Eagles Wake-Up Call: Darren Sproles’ Role

Darren Sproles. (Jeff Fusco)

Darren Sproles. (Jeff Fusco)

Even before Darren Sproles vented his frustrations about his lack of playing time, Chip Kelly was asked this week about the number of snaps the running back receives. Sproles hasn’t been a large part of the Eagles offense this season, and his production has reflected that.

For the first time since 2010, Sproles only has one offensive touchdown; in each of the past four seasons, he’s had at least four. Sproles’ snap count continued to be scant in the Eagles’ loss on Sunday as he was on the field for just 17 offensive plays, or 18 percent.

“We were in a lot more 12 personnel early; he’s playing slot receiver with Jordan [Matthews],” Kelly said. “But really that first quarter and the beginning of the second quarter, we were in a lot more 12 personnel, so we really didn’t have a slot receiver on the field.

“So that’s where he was rotating in 11 personnel, and then we were rotating DeMarco [Murray] and Ryan [Mathews] at the running back spot. Then we switched him from receiver back to running back when Ryan got hurt.”

The Eagles did rely on two tight end sets a lot against Miami, but they also ran more than 40 plays using at least three receivers without Sproles on the field. Riley Cooper’s snap count tripled Sproles’ on Sunday, while Miles Austin’s more than doubled it.

However, that’s not merely a one-game occurrence. Both Austin (52 percent) and Cooper (46.2 percent) have played significantly more snaps this season than Sproles (31.2 percent), who sits behind five Eagles receivers. Although Sproles’ yards per carry and reception averages have decreased this year, it’s partially because he often faces double-teams, while the outside receivers do not.

“Well, a lot of times when he goes in there, he gets two people covering him,” Kelly said. “So they’re not mismatches; it’s an advantage for the defense, so we have to go away from him. You know what I mean?”

According to Sproles’ teammates, however, two people covering the running back does present a mismatch. The middle of the field appeared to open up twice on Sunday because of the extra attention Sproles received, and those were on simple flat routes out of the backfield.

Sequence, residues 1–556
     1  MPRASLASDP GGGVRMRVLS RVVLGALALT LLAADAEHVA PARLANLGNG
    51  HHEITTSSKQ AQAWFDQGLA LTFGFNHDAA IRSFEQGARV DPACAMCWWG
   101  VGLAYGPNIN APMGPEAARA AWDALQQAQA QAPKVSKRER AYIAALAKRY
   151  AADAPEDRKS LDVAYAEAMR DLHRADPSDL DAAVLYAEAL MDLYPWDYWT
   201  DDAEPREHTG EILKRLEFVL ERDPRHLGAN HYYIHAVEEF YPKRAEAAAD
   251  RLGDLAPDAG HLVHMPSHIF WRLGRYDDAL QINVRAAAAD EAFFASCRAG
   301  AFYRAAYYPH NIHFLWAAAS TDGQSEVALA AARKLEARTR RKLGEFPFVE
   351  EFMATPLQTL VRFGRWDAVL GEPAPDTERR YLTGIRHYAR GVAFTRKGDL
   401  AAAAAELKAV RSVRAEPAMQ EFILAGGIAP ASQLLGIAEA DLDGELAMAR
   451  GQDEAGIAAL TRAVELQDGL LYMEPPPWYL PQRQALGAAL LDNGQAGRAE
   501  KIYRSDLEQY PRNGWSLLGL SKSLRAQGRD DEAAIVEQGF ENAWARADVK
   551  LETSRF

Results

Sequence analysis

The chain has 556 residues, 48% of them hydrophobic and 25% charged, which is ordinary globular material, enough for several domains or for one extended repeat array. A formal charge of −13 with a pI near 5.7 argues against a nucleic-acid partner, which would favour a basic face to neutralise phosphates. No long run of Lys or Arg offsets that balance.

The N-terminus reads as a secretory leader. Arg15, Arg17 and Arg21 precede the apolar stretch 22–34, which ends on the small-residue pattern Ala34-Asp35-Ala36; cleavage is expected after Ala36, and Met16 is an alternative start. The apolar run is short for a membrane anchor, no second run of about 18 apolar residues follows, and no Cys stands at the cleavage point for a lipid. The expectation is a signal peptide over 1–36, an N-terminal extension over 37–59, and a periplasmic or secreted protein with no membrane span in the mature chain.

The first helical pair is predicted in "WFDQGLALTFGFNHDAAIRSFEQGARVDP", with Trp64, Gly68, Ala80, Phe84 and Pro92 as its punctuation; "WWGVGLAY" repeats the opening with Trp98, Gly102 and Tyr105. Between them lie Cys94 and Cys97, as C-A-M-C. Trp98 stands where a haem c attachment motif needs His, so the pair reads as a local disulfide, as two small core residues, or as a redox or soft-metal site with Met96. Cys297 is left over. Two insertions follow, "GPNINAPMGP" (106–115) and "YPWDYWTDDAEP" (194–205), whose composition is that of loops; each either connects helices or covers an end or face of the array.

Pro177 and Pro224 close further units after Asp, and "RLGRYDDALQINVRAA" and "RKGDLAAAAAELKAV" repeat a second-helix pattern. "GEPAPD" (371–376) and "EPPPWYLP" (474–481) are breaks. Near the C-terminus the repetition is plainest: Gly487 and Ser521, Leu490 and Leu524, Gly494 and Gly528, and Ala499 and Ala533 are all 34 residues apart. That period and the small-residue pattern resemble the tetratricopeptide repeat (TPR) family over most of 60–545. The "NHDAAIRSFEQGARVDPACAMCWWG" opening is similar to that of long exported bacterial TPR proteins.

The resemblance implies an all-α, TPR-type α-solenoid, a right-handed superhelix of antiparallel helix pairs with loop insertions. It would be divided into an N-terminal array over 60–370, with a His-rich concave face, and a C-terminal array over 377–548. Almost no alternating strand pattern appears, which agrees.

“When Sproles is on the field, there’s a lot more defenses have to be aware of. They definitely play him differently because of the aspects to his game that other guys don’t have.” Kenjon Barner said. “Any time a team doubles a guy, it opens it up more for other people. Any time there’s more focus on one individual, that takes the focus from everybody else.”

Although Sproles lines up primarily as a running back, he has also lined up in the slot. Throughout his career, he has been more dangerous through the air than on the ground, as he’s totaled more receiving yards than rushing yards in each of his previous seven seasons.

“Sproles is going to perform no matter where you put him,” Barner said. “It can be in the backfield, out wide or in the slot. It really doesn’t matter where you put him; he’ll perform.”


All-22: Breaking down the twists and turns in the Eagles’ passing game.

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Sam Bradford remained sidelined during Thursday’s practice, but Peters was another story.

Examining some key Eagles statistics, including playoff odds and an emphasis on points per drive.

In the latest Press Coverage, Tim and I discuss the merits of a Mark Sanchez-led offense.

“It’s just been different with different people in there.” T-Mac on Chip Kelly and detrimental change.


Eric Rowe is in line for an active end to the season, writes Reuben Frank, and the rookie is ready to embrace the role.

Rowe said he didn’t know [Billy] Davis was planning on using him more the last seven games of the season, but he embraces the opportunity.

“I’m ready if they ask me to take on more of a load,” he said. “I’m ready. I’m always prepared. Always study the gameplan just in case.”

The Eagles and Bucs, both 4-5, meet at the Linc at 1 p.m. Sunday.

The Eagles’ secondary has been fairly solid this year, but there would certainly be opportunities for Rowe — who played both safety and corner at Utah — if Davis feels like he’s ready.

David Murphy says without Jordan Hicks, the Eagles are leaning more than ever on DeMeco Ryans.

He played just 26 snaps in the season opener in Atlanta, struggling in pass coverage in the Eagles’ frustrating, 26-24 loss. He has battled a variety of core injuries that Ryans yesterday acknowledged could have something to do with the way a body’s biomechanics compensate when the person inside of pushes it past his limits. But he is here, and with the Eagles sitting at 4-5 and Hicks (pectoral injury) gone for the season and [Kiko] Alonso playing through a left knee sprain, his team needs him now more than ever.

“If it bothers him,” [Brandon] Graham said of the injury, “he doesn’t let it show.”

Chances are, he knows that he can’t. Because any hope of salvaging the season requires No. 59 to play a central role.


We’ll preview Sunday’s game as we talk to a Buccaneers beat reporter and break down the injury report when it comes out.